Winnipeg concert halls seek light at end of COVID-19 tunnel – Winnipeg
As restrictions related to the COVID-19 pandemic continue in Manitoba, all industries have been affected in one way or another, but concert halls remain among the hardest hit – going through months of revenue zero with no definite sign of change on the immediate horizon.
“It’s a very difficult time – effectively being closed for nine months and counting now, not being able to have any live shows,” said Park Theater owner Erick Casselman.
“You’re losing between $ 16,000 and over $ 30,000 a month in spending… How long can you keep going, right? “
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Casselman, whose South Osborne site began life as a cinema more than a century ago, told 680 CJOB he had received grants to help keep the park afloat through from FACTOR (Foundation to Assist Canadian Talent on Records) and Canadian Heritage, but it’s still an unprecedented challenge for venues across the city.
“You just have to rush and decide what you want to do … and in my case it’s just about taking loans and getting into debt, knowing that – hopefully – there is a light at the end of the tunnel. for soon.
“We’ve already lost the Garrick Theater here in the city, which is a huge blow to live music. Even though a lot of us go through this with a limp, there will still be costs of ownership and daily costs to move forward, ”he said.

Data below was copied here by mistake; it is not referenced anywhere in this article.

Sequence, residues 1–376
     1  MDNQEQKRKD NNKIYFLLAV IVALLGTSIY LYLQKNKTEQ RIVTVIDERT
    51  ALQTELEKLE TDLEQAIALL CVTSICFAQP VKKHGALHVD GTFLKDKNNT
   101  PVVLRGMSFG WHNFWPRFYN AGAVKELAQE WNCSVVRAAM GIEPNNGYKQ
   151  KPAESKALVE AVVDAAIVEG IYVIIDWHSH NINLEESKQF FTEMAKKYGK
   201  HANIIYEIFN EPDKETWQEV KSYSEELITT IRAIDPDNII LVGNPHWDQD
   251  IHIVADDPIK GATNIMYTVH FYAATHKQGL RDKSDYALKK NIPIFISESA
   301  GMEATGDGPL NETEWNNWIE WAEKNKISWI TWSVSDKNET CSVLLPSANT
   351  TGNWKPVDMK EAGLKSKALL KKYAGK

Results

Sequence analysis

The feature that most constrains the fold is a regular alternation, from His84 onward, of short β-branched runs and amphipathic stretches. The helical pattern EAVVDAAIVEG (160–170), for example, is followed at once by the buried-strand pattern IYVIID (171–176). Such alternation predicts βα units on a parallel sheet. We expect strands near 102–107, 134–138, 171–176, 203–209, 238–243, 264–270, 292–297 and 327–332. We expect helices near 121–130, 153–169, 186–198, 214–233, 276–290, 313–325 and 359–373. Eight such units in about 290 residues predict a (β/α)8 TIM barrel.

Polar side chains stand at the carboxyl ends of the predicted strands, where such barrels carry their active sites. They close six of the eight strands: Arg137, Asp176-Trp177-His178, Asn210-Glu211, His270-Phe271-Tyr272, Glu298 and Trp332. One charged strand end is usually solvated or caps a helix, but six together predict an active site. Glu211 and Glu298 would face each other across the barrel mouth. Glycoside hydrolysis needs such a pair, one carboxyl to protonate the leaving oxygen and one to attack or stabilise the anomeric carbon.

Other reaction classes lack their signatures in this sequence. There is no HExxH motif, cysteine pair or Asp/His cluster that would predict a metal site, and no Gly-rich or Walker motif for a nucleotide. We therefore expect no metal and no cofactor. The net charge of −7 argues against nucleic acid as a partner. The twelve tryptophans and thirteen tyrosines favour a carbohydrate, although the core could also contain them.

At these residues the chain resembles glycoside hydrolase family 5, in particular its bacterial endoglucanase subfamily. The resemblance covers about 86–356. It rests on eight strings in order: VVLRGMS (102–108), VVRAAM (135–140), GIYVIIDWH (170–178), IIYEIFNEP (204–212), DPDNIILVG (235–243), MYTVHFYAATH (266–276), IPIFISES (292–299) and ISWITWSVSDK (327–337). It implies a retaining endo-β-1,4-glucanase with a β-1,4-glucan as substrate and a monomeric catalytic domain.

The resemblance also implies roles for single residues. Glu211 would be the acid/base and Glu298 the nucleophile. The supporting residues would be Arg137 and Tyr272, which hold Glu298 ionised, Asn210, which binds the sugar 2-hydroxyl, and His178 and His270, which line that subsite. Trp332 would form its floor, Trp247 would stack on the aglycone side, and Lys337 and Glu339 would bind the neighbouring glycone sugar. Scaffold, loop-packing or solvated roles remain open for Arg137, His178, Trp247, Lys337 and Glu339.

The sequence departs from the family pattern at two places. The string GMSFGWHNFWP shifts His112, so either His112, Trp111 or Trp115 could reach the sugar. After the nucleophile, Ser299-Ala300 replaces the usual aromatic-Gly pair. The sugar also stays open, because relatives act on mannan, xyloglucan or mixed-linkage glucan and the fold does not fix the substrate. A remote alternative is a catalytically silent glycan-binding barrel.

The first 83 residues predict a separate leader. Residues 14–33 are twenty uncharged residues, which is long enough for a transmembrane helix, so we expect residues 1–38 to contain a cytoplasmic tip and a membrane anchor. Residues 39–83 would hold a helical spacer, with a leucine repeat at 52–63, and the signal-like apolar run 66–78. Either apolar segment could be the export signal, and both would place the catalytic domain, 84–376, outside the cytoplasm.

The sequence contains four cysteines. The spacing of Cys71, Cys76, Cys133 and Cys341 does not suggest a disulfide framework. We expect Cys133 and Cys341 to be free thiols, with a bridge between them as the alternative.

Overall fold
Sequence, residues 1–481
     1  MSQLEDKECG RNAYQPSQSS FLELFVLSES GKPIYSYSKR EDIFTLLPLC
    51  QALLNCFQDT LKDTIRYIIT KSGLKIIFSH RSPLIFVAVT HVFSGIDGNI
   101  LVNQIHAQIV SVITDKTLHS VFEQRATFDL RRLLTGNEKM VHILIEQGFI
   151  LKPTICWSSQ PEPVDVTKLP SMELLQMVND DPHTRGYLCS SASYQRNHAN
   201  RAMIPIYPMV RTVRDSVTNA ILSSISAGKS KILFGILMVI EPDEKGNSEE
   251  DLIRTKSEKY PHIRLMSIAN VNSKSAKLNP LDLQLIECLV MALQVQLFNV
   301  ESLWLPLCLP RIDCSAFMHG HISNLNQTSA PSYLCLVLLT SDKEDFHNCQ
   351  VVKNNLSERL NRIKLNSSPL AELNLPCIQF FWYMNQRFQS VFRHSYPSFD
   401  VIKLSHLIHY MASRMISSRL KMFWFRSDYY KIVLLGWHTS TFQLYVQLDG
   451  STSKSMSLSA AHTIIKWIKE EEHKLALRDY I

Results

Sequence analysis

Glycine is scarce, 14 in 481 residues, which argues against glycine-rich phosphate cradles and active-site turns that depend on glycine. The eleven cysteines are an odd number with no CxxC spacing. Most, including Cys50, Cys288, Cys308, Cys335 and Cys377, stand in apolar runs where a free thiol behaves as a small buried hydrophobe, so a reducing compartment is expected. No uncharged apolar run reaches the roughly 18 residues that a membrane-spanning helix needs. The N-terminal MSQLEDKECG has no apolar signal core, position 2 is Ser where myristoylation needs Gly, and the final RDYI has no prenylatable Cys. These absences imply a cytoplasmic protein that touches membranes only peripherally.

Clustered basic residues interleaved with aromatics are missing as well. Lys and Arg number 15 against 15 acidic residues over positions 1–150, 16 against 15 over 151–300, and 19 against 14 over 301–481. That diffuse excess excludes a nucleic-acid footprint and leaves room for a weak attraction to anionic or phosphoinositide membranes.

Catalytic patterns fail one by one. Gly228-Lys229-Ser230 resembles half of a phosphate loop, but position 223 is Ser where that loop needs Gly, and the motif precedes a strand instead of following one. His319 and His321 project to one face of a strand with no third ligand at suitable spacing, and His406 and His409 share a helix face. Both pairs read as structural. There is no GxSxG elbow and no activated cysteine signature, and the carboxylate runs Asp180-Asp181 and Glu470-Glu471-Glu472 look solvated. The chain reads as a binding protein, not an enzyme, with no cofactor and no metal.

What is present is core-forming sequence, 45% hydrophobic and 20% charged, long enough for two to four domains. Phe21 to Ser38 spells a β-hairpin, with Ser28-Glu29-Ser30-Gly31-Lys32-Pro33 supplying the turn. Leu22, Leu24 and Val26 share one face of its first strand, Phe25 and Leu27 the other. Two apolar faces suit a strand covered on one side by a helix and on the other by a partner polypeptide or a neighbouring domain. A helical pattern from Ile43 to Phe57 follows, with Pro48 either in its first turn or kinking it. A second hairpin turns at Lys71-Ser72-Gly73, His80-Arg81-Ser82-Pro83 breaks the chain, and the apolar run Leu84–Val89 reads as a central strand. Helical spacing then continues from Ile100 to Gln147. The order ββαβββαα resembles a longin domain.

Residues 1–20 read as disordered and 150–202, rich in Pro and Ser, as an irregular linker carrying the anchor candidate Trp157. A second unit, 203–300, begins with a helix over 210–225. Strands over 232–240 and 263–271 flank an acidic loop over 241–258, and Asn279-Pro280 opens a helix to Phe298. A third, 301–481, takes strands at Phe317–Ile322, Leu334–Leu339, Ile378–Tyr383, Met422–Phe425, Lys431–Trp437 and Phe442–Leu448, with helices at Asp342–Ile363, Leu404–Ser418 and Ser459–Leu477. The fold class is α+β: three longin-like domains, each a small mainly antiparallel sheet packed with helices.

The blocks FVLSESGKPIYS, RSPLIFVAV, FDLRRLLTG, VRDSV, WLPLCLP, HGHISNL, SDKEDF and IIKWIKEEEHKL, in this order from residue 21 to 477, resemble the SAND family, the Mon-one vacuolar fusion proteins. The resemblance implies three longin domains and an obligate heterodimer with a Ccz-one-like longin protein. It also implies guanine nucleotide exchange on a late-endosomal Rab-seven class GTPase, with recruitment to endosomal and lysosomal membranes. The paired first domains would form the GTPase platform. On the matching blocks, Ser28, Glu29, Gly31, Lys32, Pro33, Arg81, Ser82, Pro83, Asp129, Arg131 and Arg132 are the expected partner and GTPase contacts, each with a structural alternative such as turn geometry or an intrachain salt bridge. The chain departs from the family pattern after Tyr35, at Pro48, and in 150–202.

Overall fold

“We’ll likely see more lost sites here in Winnipeg, and we already have too few to begin with. “
Pyramid Cabaret owner David McKeigan told 680 CJOB he was in the same boat.
“We are trying to do what we can to prepare for the future,” he said. “We are optimistic we are not going to close at the end.”
McKeigan’s situation was made worse by the fact that the Pyramid had also taken possession of the Royal Albert and was preparing to reopen the iconic venue in the Exchange District when the lockdown hit.
“We worked there, trying to prepare for a possible opening,” he said.
“It looked like we were almost ready to open, then all of a sudden the second stop came.”
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McKeigan, who has worked in the industry for nearly four decades, said another frustration is that because the Pyramid does not rent or lease its building, it does not qualify for the type of relief program. rent or mortgage that other companies have been. to be able to take advantage of it.
During this time, he is forced to pay interest on bills without any income.
“We own the building, so we weren’t entitled to anything – yet the city and province, which received school and property taxes, were waiting for full payment.
“I would love to see a program where they say, ‘Look, worry about interest later. “”
Despite the uncertainty, he said he was optimistic about a light at the end of the tunnel, and that live music is something everyone has missed in isolation, so I hope the audience – and artists – will return when it is safe to do so.
“Everyone is affected on many, many levels. We will be happy to start over.
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